There are a number of warning signs that occur when it comes to the possibility that you or others may be having suicidal thoughts. This can arise as obvious changes or signs that are readily noticed or they can occur as slight changes.
There is usually a complex set of reasons and situations that lead to suicidal thoughts which are often attributed to the need to end emotional pain however the best place to start is by talking to someone, either a trusted friend, colleague or family member or by seeking professional help.
Anxiety, distress and a sense of shame is often associated with thoughts of suicide however removing the stigma around this subject and encouraging those feeling overwhelmed and alone to reach out and seek support is paramount in reducing deaths by suicide.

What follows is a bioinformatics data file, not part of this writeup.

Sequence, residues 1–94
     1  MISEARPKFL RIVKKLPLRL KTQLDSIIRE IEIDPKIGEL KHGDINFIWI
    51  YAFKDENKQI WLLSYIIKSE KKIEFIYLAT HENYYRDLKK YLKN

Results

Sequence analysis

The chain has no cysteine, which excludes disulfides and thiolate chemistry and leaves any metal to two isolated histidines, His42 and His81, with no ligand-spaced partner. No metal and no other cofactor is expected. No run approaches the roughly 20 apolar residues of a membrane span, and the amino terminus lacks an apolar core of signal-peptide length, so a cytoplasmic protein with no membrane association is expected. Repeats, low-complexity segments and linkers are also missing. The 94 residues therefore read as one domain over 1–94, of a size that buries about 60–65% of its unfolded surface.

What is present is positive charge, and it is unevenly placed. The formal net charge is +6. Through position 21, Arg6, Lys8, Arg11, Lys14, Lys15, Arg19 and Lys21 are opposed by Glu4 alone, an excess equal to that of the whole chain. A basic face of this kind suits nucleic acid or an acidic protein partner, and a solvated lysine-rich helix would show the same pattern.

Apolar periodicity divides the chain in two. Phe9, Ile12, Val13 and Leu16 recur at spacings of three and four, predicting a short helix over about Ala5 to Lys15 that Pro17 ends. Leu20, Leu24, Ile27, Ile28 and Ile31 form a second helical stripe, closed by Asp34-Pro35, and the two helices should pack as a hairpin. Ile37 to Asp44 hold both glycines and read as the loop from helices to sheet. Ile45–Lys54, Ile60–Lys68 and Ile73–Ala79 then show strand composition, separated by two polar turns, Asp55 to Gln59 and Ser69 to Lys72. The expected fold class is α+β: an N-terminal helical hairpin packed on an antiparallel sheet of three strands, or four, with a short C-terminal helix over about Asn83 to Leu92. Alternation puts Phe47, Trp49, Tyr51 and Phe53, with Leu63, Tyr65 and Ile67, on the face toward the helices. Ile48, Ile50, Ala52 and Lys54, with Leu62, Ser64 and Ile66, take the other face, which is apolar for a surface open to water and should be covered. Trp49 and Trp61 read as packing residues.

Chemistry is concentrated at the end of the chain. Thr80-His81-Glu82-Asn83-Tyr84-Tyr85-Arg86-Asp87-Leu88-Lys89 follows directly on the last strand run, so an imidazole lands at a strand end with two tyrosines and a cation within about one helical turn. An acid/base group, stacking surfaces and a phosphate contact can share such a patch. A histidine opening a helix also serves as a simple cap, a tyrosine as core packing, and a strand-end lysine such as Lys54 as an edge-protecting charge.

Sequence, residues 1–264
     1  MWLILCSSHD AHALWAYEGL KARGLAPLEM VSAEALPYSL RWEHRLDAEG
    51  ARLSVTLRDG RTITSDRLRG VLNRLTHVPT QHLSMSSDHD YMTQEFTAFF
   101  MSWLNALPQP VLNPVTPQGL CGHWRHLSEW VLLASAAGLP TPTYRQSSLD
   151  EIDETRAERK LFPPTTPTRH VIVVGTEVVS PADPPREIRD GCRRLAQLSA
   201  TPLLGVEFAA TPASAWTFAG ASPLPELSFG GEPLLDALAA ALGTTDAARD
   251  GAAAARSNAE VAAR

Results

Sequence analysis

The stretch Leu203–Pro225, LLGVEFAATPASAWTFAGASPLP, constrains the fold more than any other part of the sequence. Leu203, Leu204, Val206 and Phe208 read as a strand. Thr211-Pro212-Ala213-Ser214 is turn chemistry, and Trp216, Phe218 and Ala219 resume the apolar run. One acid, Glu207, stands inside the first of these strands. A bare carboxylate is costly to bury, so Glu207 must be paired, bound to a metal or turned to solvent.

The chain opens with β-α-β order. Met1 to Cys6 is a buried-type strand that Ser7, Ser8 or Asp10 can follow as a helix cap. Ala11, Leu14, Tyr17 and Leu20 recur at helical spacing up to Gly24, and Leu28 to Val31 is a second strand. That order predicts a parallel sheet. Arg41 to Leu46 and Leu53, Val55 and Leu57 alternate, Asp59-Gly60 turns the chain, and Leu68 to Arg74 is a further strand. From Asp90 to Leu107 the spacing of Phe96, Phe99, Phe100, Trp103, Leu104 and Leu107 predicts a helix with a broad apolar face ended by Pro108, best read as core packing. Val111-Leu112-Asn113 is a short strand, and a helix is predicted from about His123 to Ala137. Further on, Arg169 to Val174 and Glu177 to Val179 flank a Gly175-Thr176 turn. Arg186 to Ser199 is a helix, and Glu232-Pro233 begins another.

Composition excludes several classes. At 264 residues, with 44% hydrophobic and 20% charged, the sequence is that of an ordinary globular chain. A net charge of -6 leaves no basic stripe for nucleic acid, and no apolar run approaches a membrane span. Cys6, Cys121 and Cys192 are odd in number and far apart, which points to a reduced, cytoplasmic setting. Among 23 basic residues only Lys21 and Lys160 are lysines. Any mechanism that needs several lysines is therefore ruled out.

Educating ourselves and becoming aware of the signs and symptoms of suicidal thoughts is particularly crucial when working in a policing environment as history tells us that police are not immune.
A number of signs that may give rise for concern;
- Social Isolation and withdrawal
- Loss of interest in activities
- Angry outbursts or contained anger
- Risky behaviours that are out of character
- Alcohol and substance abuse
- Difficulty sleeping
- Giving away possessions
- Low mood
- Poor hygiene
- Losing or gaining weight
- Avoiding places or activities
- Feeling hopeless, helpless or out of control
- Views of worthlessness or being a burden
- Feeling physical pain with no obvious cause
- Feelings of loss of control with no sight of the future
It is vitally important to remember you are not alone and support is available to assist navigating this difficult and distressing time. Reaching out is the first step to recovery.
If you or someone you are concerned about is in crises call the suicide call back service on 1300 659467 or Lifeline on 131114.